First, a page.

That would actually be reasonable if it only went that far: an organisation has confidential data, you get to see the data, they get to check whether you’ve reported anything that would breach their privacy restrictions. They can say “paragraph 2, on page 7, the street name together with the other information is identifying”, and you can agree or disagree, and potentially get an independent opinion from a mediator, ombudsman, arbitrator, or if it comes to that, a court.

The key here is that a breach of the agreement is objectively decidable and isn’t based on whether they like the conclusions. The problem comes with discretionary use of data. If the police have discretion about what analyses can be published, there’s no way to tell whether and to what extent they are misusing it. Even if they have only discretion about who can use the data, it’s hard to tell if they are using the implied threat of exclusion to persuade people to change results.

Medical statistics has a lot of experience with this sort of problem. That’s why the International Committee of Medical Journal Editors says, in their ‘conflict of interest’ recommendations

Authors should avoid entering in to agreements with study sponsors, both for-profit and non-profit, that interfere with authors’ access to all of the study’s data or that interfere with their ability to analyze and interpret the data and to prepare and publish manuscripts independently when and where they choose.

Under the ICMJE rules, I believe the sort of data-use restrictions we heard about for crime data would have to be disclosed as a conflict of interest.  The conflict wouldn’t necessarily lead to a paper being rejected, but it would be something for editors and reviewers to bear in mind as they looked at which results were presented and how they were interpreted.



November 25, 2015

Why we can’t trust crime analyses in New Zealand

Jarrod Gilbert has spent a lot of time hanging out with people in biker gangs.

That’s how he wrote his book, Patched, a history of gangs in New Zealand.  According to the Herald, it’s also the police’s rationale for not letting him have access to crime data. I don’t know whether it would be more charitable to the Police to accept that this is their real reason or not.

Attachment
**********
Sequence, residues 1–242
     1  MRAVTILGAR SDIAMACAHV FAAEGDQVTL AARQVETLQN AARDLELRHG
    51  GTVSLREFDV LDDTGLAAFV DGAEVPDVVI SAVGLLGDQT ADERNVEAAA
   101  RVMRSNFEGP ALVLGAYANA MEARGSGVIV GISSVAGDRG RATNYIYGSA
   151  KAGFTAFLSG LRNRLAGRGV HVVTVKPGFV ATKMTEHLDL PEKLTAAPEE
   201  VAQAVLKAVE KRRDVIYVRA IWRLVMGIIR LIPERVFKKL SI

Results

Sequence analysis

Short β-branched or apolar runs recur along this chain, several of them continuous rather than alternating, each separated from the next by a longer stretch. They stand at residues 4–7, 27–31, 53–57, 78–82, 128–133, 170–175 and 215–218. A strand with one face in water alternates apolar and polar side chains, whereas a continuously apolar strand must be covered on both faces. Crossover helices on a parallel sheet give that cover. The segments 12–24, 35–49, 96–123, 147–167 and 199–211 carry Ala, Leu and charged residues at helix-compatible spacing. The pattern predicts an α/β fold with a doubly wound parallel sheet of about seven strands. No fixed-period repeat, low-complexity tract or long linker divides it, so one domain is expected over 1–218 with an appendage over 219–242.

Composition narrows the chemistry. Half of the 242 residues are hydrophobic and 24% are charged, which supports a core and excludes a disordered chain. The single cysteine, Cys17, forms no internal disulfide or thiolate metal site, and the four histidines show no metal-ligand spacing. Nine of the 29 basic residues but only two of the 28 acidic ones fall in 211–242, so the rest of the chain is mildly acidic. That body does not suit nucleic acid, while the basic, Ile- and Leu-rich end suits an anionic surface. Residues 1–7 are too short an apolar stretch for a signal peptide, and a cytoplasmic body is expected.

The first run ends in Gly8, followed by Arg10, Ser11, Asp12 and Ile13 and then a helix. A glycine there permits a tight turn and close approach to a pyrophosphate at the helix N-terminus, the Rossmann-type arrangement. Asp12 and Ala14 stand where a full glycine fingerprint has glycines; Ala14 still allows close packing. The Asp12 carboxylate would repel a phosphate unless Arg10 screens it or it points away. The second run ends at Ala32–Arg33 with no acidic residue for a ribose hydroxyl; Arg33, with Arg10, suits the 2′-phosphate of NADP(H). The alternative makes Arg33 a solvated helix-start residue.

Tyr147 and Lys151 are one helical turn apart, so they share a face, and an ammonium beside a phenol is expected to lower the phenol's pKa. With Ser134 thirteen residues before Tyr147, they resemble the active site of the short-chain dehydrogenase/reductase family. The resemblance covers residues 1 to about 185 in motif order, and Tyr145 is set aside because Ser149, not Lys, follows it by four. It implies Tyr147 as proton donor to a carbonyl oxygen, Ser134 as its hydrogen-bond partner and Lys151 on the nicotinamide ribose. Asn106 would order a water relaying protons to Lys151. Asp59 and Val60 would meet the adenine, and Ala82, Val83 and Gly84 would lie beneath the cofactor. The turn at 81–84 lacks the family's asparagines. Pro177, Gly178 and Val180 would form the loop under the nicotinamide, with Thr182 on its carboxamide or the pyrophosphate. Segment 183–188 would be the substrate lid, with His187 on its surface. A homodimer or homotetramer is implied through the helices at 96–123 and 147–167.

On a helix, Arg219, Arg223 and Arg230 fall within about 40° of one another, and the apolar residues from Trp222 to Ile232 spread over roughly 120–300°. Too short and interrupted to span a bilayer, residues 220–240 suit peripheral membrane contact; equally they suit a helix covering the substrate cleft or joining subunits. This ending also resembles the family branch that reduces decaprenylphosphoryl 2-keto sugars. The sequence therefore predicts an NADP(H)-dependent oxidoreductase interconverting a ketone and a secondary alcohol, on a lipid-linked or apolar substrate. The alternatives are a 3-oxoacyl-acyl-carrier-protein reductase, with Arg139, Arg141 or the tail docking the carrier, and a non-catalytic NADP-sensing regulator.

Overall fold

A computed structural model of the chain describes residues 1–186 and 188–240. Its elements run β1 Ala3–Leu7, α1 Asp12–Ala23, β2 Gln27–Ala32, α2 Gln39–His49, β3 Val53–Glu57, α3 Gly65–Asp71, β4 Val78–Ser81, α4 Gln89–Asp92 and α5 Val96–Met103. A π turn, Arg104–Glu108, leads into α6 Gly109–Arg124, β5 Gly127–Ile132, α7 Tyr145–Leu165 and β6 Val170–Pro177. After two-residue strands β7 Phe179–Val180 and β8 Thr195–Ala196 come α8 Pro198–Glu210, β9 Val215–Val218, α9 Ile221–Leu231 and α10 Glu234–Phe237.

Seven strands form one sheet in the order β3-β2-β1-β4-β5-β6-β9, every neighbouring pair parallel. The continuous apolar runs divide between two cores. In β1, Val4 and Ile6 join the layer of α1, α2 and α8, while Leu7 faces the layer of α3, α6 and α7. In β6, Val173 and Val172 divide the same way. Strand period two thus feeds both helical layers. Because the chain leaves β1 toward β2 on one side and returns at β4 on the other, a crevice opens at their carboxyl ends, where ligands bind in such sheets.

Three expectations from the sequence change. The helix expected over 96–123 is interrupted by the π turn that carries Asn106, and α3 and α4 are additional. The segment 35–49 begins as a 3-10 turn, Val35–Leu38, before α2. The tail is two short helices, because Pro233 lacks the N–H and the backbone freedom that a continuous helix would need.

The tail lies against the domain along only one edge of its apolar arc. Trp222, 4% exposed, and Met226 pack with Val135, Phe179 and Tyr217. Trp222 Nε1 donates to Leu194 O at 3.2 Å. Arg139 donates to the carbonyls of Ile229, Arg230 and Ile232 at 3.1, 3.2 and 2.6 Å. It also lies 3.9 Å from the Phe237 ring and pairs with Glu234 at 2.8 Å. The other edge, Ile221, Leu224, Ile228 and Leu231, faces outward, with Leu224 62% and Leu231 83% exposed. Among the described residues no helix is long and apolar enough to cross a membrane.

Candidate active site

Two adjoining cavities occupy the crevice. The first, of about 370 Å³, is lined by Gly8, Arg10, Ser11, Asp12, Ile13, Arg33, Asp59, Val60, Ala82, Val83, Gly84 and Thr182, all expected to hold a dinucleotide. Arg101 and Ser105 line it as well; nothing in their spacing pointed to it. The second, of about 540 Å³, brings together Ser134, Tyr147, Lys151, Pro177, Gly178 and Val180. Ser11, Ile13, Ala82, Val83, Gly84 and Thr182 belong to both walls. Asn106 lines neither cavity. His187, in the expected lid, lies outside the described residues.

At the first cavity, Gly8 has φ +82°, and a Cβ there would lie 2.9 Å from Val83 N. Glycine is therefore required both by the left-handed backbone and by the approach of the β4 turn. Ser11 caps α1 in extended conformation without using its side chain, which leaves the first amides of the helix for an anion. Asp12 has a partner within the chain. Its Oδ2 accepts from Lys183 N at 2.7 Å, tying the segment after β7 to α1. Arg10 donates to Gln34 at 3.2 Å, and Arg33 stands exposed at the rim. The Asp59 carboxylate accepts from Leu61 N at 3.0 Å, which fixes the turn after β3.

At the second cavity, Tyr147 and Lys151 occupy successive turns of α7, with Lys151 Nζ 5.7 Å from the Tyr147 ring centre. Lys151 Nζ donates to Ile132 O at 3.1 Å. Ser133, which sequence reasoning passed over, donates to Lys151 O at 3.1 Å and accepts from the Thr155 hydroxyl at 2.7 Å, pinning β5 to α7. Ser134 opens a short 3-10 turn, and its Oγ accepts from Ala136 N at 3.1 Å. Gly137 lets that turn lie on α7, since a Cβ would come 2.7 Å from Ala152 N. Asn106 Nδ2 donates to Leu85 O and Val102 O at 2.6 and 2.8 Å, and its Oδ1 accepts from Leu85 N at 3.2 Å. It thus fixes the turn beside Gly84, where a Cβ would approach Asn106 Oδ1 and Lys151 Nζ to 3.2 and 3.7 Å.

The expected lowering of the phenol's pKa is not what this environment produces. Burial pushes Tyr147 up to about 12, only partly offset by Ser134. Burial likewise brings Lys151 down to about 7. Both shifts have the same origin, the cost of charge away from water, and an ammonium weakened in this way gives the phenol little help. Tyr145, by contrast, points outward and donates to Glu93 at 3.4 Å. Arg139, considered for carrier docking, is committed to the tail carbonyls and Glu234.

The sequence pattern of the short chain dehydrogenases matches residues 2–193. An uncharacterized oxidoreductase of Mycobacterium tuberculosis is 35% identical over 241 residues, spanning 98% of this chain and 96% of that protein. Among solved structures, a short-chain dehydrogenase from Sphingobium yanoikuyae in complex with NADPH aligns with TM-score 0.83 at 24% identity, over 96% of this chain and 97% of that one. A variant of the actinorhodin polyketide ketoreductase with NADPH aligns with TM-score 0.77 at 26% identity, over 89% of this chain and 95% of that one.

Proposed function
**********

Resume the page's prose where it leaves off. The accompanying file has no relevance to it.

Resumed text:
Conceivably, you might be concerned about access to these data for people with certain sorts of criminal connections. There might be ways to misuse the data, perhaps for some sort of scam on crime victims. No-one suggests that is  the sort of association with criminals that Dr Gilbert has.

It gets worse. According to Dr Gilbert, also writing in the Herald, the standard data access agreement for the data says police “retain the sole right to veto any findings from release.” Even drug companies don’t get away with those sorts of clauses nowadays.

To the extent these reports are true, we can’t entirely trust any analysis of New Zealand crime data that goes beyond what’s publicly available. There might be a lot of research that hasn’t been affected by censorship and threats to block future work, but we have no way of picking it out.

November 13, 2015

Blood pressure experiments

The two major US medical journals each published  a report this week about an experiment on healthy humans involving blood pressure.

One of these was a serious multi-year, multi-million-dollar clinical trial in over 9000 people, trying to refine the treatment of high blood pressure. The other looks like a borderline-ethical publicity stunt.  Guess which one ended up in Stuff.

In the experiment, 25 people were given an energy drink

We hypothesized that drinking a commercially available energy drink compared with a placebo drink increases blood pressure and heart rate in healthy adults at rest and in response to mental and physical stress (primary outcomes). Furthermore, we hypothesized that these hemodynamic changes are associated with sympathetic activation, which could predispose to increased cardiovascular risk (secondary outcomes).

The result was that consuming caffeine made blood pressure and heart rate go up for a short period,  and that levels of the hormone norepinephrine  in the blood also went up. Oh, and that consuming caffeine led to more caffeine in the bloodstream than consuming no caffeine.

The findings about blood pressure, heart rate, and norepinephrine are about as surprising as the finding about caffeine in the blood. If you do a Google search on “caffeine blood pressure”, the recommendation box at the top of the results is advice from the Mayo Clinic. It begins

Caffeine can cause a short, but dramatic increase in your blood pressure, even if you don’t have high blood pressure.

The Mayo Clinic, incidentally, is where the new experiment was done.

I looked at the PubMed research database for research on caffeine and blood pressure.  The oldest paper in English for which I could get full text was from 1981. It begins

Acute caffeine in subjects who do not normally ingest methylxanthines leads to increases in blood pressure, heart rate, plasma epinephrine, plasma norepinephrine, plasma renin activity, and urinary catecholamines.

This wasn’t news already in 1981.